In response to Natural Resources Minister Joe Oliver’s recent temper tantrum about “foreign billionaire socialists hijacking” the pipeline hearings, I reactivated my Lobbyist Watch project, which tracks the burgeoning lobbying sector in Ottawa. Ottawa has a love-hate relationship with this sector. Harper claims to hate it, but they still manage to get invited to all the good parties. During the first week of the New Year, when the federal government was ranting about foreign radicals influencing the pipeline hearings, about 40% of new lobbying registrations came from foreigners, and Harper didn’t make a peep of protest about it. That number now stands around 25%.
The second factor worth highlighting is that, despite following Vivian Krause down the conspiracy theory trail and claiming that foreign environmentalists and other NGOs are busy destroying the Canadian economy by buying influence in our political sphere, an overwhelming proportion of lobbyists sell their mouths and their minds to corporations which, almost without exception, are interested in less environmental regulations, less taxes, and less regulation.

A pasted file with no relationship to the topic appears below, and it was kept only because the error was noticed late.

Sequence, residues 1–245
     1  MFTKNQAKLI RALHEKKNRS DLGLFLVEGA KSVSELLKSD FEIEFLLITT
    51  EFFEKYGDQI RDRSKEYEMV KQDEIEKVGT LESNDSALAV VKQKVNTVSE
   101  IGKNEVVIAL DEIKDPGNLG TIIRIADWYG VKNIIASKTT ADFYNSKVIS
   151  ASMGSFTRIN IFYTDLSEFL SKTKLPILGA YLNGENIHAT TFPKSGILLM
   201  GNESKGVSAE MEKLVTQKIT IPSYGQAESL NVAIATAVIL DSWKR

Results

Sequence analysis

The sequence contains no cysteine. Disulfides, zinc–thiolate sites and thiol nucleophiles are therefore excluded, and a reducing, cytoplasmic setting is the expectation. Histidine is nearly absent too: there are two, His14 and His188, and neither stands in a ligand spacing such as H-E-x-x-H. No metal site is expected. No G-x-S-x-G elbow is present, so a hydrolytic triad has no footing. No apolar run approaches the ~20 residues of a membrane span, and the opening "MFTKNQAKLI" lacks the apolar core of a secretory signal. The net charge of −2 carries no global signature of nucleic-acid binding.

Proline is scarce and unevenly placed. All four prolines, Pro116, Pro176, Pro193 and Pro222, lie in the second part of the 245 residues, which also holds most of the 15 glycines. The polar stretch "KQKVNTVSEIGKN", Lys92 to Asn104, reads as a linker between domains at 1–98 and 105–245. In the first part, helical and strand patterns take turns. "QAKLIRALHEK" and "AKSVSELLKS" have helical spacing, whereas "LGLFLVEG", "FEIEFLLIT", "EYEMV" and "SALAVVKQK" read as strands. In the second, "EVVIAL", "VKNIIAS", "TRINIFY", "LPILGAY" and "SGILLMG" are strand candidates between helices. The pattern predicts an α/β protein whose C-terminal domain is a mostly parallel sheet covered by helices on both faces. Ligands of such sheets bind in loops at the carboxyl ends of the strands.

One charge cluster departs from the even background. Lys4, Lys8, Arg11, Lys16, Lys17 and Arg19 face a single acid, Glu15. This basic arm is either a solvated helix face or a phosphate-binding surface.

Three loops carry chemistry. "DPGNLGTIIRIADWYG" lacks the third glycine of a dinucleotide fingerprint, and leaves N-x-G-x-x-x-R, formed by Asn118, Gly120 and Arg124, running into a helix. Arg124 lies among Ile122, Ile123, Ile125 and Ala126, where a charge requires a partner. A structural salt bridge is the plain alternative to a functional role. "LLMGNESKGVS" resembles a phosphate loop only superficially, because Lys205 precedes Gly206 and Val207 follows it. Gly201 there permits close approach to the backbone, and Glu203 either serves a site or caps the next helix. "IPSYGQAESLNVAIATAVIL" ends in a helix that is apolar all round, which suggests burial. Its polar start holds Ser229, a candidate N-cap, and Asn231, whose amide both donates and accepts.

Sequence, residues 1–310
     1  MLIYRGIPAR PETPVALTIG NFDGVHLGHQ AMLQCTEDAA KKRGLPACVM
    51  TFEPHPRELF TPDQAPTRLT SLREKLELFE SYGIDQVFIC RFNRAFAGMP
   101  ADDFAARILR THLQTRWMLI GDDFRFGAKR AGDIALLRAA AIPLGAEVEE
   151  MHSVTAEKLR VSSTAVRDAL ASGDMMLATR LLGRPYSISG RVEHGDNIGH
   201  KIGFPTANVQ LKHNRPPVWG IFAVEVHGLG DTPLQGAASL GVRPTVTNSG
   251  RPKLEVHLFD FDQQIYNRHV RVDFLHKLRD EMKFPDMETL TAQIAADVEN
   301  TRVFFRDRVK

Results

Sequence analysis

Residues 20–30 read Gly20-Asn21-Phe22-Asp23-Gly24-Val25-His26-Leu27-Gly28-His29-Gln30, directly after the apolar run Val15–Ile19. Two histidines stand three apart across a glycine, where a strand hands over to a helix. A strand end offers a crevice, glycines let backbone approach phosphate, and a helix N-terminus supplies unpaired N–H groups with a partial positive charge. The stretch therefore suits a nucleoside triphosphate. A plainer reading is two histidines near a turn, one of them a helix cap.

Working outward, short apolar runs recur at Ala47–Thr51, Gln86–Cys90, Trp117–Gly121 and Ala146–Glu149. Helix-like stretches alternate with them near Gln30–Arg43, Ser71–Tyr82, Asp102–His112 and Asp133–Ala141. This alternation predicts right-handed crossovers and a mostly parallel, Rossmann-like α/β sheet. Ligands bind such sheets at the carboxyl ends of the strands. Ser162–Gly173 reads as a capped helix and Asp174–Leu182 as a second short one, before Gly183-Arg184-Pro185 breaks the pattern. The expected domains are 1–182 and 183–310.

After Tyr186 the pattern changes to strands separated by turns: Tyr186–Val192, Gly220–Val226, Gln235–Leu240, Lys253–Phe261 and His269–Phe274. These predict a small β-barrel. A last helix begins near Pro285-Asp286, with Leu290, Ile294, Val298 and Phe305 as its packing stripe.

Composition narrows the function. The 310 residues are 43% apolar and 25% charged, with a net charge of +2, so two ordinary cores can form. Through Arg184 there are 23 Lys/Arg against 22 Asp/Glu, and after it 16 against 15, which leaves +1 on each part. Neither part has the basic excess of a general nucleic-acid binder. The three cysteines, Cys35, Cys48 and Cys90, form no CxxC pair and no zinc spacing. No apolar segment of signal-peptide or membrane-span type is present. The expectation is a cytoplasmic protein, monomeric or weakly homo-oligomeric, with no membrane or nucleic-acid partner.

During the first two weeks of this year, over 80% of new lobbyist registrations were by corporations and corporate trade groups, including all but two of the foreign influencers the government claims to despise. The nonprofit side of the balance sheet is dominated by universities and health groups. There were exactly 2 unions registered.
The Lobbyist Watch page also lists people who worked for the present government and subsequently became lobbyists, where the pay is presumably better, despite the fact that they worked for (and supposedly agreed with) a government that publicly insists that “politics will no longer be a stepping stone to a lucrative career in lobbying the government.” This week I have made additions to the list. DFH Public Affairs’s new senior consultant, Matthew Henley, was working as an assistant to Conservative MPs as recently as December 2010. Now he represents a Luxembourg mining outfit (more foreign varmints!) and a Montreal tech company.Tweet